Tuesday, October 20, 2009

Unattainable standards

When looking up a reference question today, I came across an op-ed piece in the New York Times titled "Should photos come with warning labels?," which was accompanied by this photo of an unrealistically-proportioned model. It's about how Photoshop-manipulated images are giving women (and men) unrealistic and physically unattainable standards of beauty and how lawmakers in some countries are trying to ban them or require warning labels.

I think it's wrong to suggest banning these images, but I don't deny that they are probably causing a lot of harm. However, even if they do deserve warning labels, what good would that do? Don't we already know that the faces and bodies on magazine covers are not true to life, but we still find them beautiful?

A week or two ago I caught a few scenes of Die Another Day, the James Bond movie with Halle Berry, when it was on tv. When it came to a scene where Halle was wearing an evening gown that was open all the way down her back, I remembered when I first saw the movie years ago and had made a mental note to lose some weight and tone up my back muscles. I would have been happy to look half as good as she did. Then last week I walked by the latest issue of Vanity Fair on the magazine rack at the library. Penelope Cruz was on the cover, showing an equally-shapely back, and, having never been able to make the slightest difference in my rolls of pudge, my self-esteem dropped several rungs on the ladder.

It's really not just a magazine-cover thing -- most often I compare myself to real people -- but I think that the standard set by the magazines have ingrained themselves in our minds and really are a problem. This summer I went to the beach with three girl friends, and the criticisms from them about other people on the beach have effectively fueled my own negative body image in the months since then. Comments like: "You know, she's not fat, but some people just shouldn't wear bikinis." were among the comments made about people who looked not too different than me. I hadn't considered myself anywhere near bikini-ready, but hearing criticisms like that pretty much banished the idea. Would my friends have made those comments if picture-perfect models didn't smile plastic-ly from the Sports Illustrated swimsuit edition?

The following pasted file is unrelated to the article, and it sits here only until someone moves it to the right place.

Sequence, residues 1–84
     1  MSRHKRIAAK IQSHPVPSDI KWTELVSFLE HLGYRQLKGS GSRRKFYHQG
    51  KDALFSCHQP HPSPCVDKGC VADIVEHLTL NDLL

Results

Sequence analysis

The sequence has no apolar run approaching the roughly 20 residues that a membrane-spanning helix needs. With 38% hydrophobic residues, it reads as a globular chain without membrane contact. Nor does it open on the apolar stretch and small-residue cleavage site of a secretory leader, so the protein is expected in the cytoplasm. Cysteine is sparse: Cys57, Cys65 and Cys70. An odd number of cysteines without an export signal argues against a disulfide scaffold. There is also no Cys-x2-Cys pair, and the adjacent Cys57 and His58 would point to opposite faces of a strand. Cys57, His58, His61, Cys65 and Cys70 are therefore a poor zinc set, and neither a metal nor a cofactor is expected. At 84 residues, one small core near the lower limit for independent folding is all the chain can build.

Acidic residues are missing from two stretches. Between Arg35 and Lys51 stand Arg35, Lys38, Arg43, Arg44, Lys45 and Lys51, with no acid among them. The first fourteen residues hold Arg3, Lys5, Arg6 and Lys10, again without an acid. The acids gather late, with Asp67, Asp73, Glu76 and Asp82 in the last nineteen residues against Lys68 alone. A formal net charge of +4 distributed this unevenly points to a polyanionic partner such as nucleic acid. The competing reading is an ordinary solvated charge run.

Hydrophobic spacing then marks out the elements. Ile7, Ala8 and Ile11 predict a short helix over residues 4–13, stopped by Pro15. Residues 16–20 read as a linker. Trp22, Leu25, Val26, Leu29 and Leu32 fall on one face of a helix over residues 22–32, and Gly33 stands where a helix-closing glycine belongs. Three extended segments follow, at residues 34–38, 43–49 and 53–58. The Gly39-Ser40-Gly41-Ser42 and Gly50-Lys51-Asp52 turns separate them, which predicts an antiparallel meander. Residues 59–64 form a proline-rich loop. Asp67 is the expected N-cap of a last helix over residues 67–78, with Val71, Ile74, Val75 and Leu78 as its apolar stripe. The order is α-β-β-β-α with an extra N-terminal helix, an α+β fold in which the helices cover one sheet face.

In September, the Chic Runner addressed the issue of Photoshop in this post. It showed a picture before and after Photoshop, and the difference was striking. It was a very good argument for feeling good about your natural appearance.

Unfortunately, I was drawn to the New York Times article today because no matter what anyone says about being beautiful just the way you are, I haven't run regularly in over 2 months, and I feel like I've let myself go by not running. I can't deny that for me, a part of running has always been to stay in shape. I participated in the Eowyn Challenge for just that reason - to get in shape and break free of the cage caused by self-esteem. Now that I'm not running anymore, I feel like every thing I eat is sticking to me. (I made the mistake of stepping on the scale over the weekend and have to remember not to do that again. Nor should I measure my waist, hips, thighs, or chest.) I still have to schedule a bone scan to check for a stress fracture, so it might be a while before I run again. I guess that I'm just going to have to deal with it. My dedicated support staff is very supportive in this area, and I'll just have to trust him (and the Times piece, and the Chic Runner's post) that I am fine just the way I am. After all, I have to admit that I do not want to look like the shrunken-hipped model in the picture.

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